Betty White, often called “The First Lady of Television,” was a phenomenal actress and inspiration to many. White was known for her hilarious, witty, crude style of acting, which she continued through 2019. She lived to be 99 and passed away on December 31st, less than three weeks before her 100th birthday.
White not only acted in films but also produced them. She was the first American woman to produce a sitcom—Life with Elizabeth. However, her more well-known accomplishments came from her acting career. Her role on the Mary Tyler Moore Show as the perky, bawdy, Sue Ann Nivens won her two Emmys. Additionally, she won a Golden Globe nomination and an Emmy for her iconic, internationally recognized role as Rose Nylund on The Golden Girls. White’s list of awards and renowned characters goes on and on, but what’s more impressive is the positive impact her life had on the world.
In the 1950s, White ran her own show, The Betty White Show, where she sang, acted, interviewed guests, and hosted performances. Arthur Duncan, a black tap-dancer, came to White looking for a shot at a breakthrough performance through a spot on her show. However, this time period was brimming with racism. 1954, the same year Duncan came to White asking to star on her show, was the year the Supreme Court voted to ban segregated schools. White could’ve decided not to support Duncan, and the consequences would have been slim—despite the Supreme Court’s vote, segregation was still widely accepted and prevalent in other places. However, White gladly let Duncan on her show. She received a lot of backlash for her decision, and the broadcasting company threatened to take The Betty White Show off-air if she didn’t get rid of Duncan. But Betty White, being the stubborn, amazing woman she was, told the company, “I’m sorry, but, you know, he stays. Live with it.”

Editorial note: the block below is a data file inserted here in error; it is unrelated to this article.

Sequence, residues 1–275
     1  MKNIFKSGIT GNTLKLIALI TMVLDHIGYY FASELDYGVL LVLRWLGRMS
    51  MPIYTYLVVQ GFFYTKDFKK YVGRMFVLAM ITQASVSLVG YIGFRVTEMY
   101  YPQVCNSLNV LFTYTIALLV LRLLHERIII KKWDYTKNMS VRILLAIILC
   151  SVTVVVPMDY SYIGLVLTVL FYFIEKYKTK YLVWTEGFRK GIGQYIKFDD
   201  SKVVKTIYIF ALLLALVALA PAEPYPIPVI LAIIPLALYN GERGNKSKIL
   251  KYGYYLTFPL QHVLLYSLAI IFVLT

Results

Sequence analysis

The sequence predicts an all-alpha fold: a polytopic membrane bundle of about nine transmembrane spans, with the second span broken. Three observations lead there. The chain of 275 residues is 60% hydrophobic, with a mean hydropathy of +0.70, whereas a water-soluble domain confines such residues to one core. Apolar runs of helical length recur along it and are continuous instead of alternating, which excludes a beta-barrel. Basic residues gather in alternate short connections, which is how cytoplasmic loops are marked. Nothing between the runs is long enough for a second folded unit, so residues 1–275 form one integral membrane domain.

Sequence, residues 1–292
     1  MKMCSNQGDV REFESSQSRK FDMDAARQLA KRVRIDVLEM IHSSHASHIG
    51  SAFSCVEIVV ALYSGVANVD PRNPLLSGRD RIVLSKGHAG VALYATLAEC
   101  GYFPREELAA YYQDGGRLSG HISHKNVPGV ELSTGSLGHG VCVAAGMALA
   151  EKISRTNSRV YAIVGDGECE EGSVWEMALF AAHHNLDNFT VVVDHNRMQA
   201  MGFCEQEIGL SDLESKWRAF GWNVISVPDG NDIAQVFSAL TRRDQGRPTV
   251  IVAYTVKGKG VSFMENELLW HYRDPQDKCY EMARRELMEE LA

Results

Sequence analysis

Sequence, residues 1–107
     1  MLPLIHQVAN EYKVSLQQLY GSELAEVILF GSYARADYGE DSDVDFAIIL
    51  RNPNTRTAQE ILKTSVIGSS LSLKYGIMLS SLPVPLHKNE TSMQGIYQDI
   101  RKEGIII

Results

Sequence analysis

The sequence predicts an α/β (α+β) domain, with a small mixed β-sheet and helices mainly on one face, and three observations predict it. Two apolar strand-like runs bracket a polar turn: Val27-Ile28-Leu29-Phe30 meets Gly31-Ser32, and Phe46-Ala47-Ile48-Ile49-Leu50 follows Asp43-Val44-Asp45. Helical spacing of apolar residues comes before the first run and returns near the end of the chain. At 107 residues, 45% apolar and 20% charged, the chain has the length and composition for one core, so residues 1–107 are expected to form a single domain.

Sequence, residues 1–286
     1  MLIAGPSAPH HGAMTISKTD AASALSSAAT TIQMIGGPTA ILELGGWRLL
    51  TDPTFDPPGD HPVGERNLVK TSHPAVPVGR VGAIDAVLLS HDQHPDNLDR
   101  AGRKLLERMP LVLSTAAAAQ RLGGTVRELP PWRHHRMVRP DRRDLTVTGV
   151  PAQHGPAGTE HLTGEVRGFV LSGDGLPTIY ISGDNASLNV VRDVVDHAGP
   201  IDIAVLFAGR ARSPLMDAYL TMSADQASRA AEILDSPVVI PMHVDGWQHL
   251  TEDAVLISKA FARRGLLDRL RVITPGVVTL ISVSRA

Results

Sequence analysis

Duncan starred on The Betty White Show multiple times after his first appearance, and White continued to host black performers. Her defiance of racist norms notably contributed to the desegregation of television.
Although White is no longer with us, her legacy will certainly live on—not only through her work but also through the impact she had on the world.
If you’ve never watched Betty, here are some clips from YouTube: